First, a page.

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Had seen the beauteous sovereign of my heart,
A semblance true; not one, like us, whose soul
THE SAME SUBJECT.
WHEN Simon first the precious work design'd,
The senseless form endued with voice and mind!
My sighs less frequent I had joy'd to find,
She bears a countenance to peace inclined:
SENNUCCIO, let me tell thee how, kind friend,
Here spoke, or smiled, as I stood wondering near; Or changed her air-with such reflections fill'd, Love day and night torments his hapless slave.
HIS REASON FOR LOVING LAURA AT THIRTY,
WHEN HER BEAUTY WAS IMPAIRED.
HER golden locks were in the wind display'd, That blew them round a thousand graceful ways, While in her eyes an undiminish'd blaze
Still beam'd; though now by Time less vivid made; And pity, as I thought, her looks display'd,
But know not if, as true, it tempted praise:
That Youth then fired my bosom, can it raise
In any wonder, with such fuel's aid?
'Twas not the motion of a mortal's form,
But something heavenly, and her speech's sound
Unlike to what we hear on earth below.
'Twas some pure spirit; a bright sun, around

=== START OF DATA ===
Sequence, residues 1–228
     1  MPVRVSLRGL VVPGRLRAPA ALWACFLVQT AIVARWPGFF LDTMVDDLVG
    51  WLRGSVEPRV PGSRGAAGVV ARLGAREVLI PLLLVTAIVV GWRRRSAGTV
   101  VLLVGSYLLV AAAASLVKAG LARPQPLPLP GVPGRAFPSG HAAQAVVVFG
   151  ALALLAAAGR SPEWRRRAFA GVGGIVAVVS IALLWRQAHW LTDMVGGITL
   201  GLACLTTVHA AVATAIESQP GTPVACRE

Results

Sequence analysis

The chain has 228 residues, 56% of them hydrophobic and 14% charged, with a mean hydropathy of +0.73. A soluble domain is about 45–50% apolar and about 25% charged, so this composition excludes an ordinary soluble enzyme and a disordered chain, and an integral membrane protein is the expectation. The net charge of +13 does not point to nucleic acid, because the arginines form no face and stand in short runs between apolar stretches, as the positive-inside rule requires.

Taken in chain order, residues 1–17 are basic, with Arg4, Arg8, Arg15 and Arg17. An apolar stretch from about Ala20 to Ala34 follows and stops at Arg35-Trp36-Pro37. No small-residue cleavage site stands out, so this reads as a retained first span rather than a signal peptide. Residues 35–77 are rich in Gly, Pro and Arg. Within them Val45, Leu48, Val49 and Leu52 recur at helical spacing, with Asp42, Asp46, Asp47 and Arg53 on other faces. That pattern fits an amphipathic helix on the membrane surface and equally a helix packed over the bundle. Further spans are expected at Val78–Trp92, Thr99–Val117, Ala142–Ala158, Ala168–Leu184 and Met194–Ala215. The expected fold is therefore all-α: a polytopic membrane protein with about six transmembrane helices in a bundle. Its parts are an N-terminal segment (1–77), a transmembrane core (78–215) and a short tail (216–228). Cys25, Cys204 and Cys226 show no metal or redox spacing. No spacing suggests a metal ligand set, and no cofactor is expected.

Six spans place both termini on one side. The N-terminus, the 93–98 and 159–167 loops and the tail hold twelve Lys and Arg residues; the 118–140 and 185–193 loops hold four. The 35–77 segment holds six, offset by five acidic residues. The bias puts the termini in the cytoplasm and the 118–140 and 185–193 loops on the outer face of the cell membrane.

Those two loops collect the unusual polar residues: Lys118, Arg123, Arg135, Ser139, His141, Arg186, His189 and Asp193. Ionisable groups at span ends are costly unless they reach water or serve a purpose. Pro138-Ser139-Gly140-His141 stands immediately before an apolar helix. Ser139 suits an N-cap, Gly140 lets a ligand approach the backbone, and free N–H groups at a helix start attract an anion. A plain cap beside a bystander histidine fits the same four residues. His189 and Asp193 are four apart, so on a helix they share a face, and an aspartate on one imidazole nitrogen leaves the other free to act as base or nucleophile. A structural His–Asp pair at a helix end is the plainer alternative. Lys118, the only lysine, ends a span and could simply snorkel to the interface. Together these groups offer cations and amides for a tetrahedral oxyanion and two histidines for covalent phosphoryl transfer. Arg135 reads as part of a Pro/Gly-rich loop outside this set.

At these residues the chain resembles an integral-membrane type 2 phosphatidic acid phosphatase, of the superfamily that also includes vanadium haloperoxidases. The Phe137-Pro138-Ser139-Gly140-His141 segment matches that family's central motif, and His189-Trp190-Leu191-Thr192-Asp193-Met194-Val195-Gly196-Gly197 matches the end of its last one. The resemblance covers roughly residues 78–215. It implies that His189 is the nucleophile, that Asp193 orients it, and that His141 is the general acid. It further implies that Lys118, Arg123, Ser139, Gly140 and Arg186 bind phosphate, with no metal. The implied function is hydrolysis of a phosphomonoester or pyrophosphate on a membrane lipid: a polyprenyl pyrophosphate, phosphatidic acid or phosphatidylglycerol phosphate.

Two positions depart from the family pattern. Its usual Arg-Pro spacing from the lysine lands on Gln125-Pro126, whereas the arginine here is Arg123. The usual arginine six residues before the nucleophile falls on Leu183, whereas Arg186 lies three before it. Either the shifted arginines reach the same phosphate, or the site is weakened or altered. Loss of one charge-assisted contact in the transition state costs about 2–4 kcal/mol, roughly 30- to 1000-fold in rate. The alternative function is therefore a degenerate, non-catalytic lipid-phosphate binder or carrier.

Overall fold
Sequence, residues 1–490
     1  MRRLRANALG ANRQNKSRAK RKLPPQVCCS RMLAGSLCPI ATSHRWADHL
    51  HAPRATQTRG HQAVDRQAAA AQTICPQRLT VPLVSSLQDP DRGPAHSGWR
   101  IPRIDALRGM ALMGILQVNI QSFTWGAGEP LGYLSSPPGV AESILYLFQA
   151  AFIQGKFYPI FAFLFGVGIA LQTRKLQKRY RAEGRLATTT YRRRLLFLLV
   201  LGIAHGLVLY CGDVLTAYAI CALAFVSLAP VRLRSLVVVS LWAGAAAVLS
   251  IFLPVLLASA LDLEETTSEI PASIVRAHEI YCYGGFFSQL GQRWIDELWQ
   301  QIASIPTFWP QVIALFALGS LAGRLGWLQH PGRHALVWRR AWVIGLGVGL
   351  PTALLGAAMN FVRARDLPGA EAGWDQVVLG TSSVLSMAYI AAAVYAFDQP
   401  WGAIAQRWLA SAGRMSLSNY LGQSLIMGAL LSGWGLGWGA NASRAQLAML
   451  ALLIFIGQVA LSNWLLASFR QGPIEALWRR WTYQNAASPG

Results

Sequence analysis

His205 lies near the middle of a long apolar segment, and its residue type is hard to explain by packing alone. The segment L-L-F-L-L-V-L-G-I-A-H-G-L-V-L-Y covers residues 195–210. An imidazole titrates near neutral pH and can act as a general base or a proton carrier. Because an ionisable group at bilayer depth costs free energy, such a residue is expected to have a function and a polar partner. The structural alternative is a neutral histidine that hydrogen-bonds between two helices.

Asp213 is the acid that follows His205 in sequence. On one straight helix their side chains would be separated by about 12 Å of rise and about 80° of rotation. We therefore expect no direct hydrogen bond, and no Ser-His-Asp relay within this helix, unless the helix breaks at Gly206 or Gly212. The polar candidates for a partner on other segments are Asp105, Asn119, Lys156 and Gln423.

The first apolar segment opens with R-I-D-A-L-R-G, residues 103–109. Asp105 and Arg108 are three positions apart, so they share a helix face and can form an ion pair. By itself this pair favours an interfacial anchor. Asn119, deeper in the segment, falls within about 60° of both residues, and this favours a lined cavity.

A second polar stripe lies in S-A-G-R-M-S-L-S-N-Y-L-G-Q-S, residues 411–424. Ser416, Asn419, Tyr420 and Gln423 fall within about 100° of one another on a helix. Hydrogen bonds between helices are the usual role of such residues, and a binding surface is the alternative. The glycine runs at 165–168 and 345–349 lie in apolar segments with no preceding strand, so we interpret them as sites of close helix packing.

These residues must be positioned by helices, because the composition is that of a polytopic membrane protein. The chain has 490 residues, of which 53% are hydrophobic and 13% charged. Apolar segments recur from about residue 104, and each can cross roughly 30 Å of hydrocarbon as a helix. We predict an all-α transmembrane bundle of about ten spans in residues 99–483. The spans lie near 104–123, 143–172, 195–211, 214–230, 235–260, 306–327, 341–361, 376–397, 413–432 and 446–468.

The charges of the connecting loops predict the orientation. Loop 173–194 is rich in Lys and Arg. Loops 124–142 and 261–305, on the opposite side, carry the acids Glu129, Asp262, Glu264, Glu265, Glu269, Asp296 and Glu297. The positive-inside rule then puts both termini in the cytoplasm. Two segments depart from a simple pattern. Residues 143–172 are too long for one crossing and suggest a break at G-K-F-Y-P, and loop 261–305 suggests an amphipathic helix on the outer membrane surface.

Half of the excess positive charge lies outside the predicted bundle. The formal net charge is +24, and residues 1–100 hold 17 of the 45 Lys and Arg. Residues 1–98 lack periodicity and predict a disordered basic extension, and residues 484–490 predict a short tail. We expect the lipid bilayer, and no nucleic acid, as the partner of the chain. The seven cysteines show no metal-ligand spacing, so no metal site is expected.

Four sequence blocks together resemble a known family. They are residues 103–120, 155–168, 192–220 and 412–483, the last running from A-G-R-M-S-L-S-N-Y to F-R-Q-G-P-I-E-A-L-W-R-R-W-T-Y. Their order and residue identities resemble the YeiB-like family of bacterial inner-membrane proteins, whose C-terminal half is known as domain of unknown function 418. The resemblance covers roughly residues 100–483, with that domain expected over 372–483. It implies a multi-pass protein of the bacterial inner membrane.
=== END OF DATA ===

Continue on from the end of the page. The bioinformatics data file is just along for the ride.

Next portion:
Appearing then to beam its influence warm; Nor can it heal the wound to unstring the bow.*
ON PETRARCH'S PICKING UP A GLOVE LAURA
HAD DROPPED AT AN ASSEMBLY, AND WHICH
O BEAUTEOUS hand, that robb'st me of my heart,
This line was chosen, a century afterwards, for his motto, by a king of Naples, on his queen's death. "Le roi Rène apres la mort d'Isabeau de Lorraine, "sa première femme, prit cette devise:
"Un arc turquois avec la corde rompue, et le dernier "vers de ce sonnet :
Piaga per allentar d'arco non sana."
MEM. DE PETRARQUE.
Conspicuous, givest to killing fingers grace,
Know, Love consents my eager eyes should trace
Thou snowy, fair embroider'd, graceful glove,
I have possess'd the treasure-yet resign.
A SOLITARY life I ever sought,
(The fields, the woods, and rivers know it well,)
About the time of Petrarch's birth, his family was driven from Florence by an army of the French under